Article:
The same result occurred for those men unable to obey the law. Their anti-authoritarianism was so severe that they were now under the thumb of taskmasters who told them when they could get up, when they were supposed to work, and when they were supposed to go to sleep.
We live within the bounds of authority, sexuality, and salaries because we consider these aspects of our lives to be part of what it means to be fully human. We conform to the demands of our bosses because we want a pay check at the end of two weeks. We are sexually faithful because we want to keep our relationship commitments intact. We live on a reasonable amount of money because we know that riskier adventures in the stock market or frequent changes in jobs can result in a worse financial situation than before.
This mediocre lifestyle results in a mediocre spirituality. The underlying meaning of money, sexuality, and obedience is not directly evident because we have accepted the general norms of living within our financial means, enjoying sex within the bounds of faithfulness, and being obedient in our work and social situations. Our spirituality has not been severely tested because none of these three disciplines has become a problem.
The matter is quite different for the men with whom I worked. Their obsession with sex, their insatiable need for money, and their inability to listen to anyone but themselves brought them face to face with the law. External bounds were necessary because no internal ones were adequate to rein them in.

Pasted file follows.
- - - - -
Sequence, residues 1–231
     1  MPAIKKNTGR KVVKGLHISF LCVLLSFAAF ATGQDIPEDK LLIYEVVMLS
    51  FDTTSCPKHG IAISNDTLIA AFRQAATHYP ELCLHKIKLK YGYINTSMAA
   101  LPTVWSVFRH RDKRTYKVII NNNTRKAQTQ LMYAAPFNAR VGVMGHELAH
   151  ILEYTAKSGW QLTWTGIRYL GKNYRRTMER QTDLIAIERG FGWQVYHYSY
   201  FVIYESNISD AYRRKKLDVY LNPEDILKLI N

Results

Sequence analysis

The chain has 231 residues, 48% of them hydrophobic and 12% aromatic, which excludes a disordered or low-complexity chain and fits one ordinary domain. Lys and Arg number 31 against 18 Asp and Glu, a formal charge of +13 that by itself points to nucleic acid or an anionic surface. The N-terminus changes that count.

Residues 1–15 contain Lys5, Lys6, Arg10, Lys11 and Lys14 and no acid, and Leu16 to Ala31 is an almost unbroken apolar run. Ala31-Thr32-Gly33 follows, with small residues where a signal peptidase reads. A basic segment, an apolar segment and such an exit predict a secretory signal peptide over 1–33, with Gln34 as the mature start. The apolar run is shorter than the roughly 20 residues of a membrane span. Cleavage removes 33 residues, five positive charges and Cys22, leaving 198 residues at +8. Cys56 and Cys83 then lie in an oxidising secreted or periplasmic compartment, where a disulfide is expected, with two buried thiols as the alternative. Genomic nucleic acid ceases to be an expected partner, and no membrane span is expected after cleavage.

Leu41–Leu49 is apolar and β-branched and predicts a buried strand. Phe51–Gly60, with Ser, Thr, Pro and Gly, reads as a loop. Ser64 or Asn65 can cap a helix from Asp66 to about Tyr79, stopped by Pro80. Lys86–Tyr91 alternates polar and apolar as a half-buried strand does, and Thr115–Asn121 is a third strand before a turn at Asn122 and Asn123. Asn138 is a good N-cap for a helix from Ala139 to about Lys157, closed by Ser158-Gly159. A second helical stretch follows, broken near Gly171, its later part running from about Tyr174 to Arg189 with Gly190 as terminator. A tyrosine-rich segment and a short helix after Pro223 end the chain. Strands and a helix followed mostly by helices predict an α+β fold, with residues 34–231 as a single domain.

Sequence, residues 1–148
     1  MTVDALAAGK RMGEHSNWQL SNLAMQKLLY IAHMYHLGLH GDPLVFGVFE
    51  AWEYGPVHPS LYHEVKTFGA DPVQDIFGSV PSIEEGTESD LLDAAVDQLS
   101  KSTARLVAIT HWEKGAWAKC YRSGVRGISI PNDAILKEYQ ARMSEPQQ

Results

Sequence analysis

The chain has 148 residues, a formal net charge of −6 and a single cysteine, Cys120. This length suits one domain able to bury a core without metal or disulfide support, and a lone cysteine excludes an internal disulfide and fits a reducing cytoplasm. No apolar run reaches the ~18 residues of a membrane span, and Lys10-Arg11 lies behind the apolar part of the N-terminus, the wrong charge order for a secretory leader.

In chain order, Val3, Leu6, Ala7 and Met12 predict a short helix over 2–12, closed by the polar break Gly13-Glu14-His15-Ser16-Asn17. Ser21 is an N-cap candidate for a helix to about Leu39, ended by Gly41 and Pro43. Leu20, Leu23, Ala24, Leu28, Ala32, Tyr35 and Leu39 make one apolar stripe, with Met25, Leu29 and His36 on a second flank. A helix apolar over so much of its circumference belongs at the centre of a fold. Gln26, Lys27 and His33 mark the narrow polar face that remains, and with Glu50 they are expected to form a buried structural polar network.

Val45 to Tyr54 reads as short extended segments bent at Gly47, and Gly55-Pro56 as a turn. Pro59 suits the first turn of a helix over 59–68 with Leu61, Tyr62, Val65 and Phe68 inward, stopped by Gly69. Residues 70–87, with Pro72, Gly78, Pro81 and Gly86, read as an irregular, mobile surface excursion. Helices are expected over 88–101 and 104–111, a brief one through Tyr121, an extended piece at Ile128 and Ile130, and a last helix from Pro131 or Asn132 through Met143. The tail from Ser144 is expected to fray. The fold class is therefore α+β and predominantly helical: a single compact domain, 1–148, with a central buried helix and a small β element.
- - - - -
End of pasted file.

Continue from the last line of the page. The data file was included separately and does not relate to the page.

The willingness of Saint Francis to be “abnormal” comes into view. It is hard for us to watch Francis disassemble himself from normality because it makes us question the normality under which we are living. How can any one be called to such charisms of poverty, chastity, and obedience when less extremism will do?
Chaplains journey along this road of privation because this is the only path available for inmates in order for spirituality to shine on the other side of pain and suffering. We enter into the lives of these men as they face the facts that they have been richer, more promiscuous, and more disobedient than we have been in our staid, middle-class existence. These prisoners face the fact that they are now poorer, more celibate, and more obedient than we need to be.
Francis forced me along with the men I worked with to face the starkness of the spiritual life. It is only as we give up human intimacy that divine intimacy is possible. It is only as we surrender ourselves to human authority that we understand what acquiescence to God really means. And it is only as we give up control of money that the satisfaction of heavenly desires is possible.
Prayer of Saint Francis
Lord, make me an instrument of your peace. Where there is hatred, let me sow love, Where there is injury, pardon,
Where there is doubt, faith,
Where there is despair, hope,
Where there is darkness, light,
Where there is sadness, joy.
O Divine Master,
Grant that I may not so much seek To be consoled, as to console,
To be understood, as to understand, To be loved, as to love.
For it is in giving that we receive,
It is in pardoning that we are pardoned,
It is in dying that we are born to eternal life.
Donald Stoesz is an ordained minister with Mennonite Church Alberta. He worked as a prison chaplain for thirty years with Correctional Service Canada under a contract system before retiring in 2020. He is currently working part-time as a pastor with the Lutheran Church (ELCIC). He is married to Naomi Brubacher and they have four children.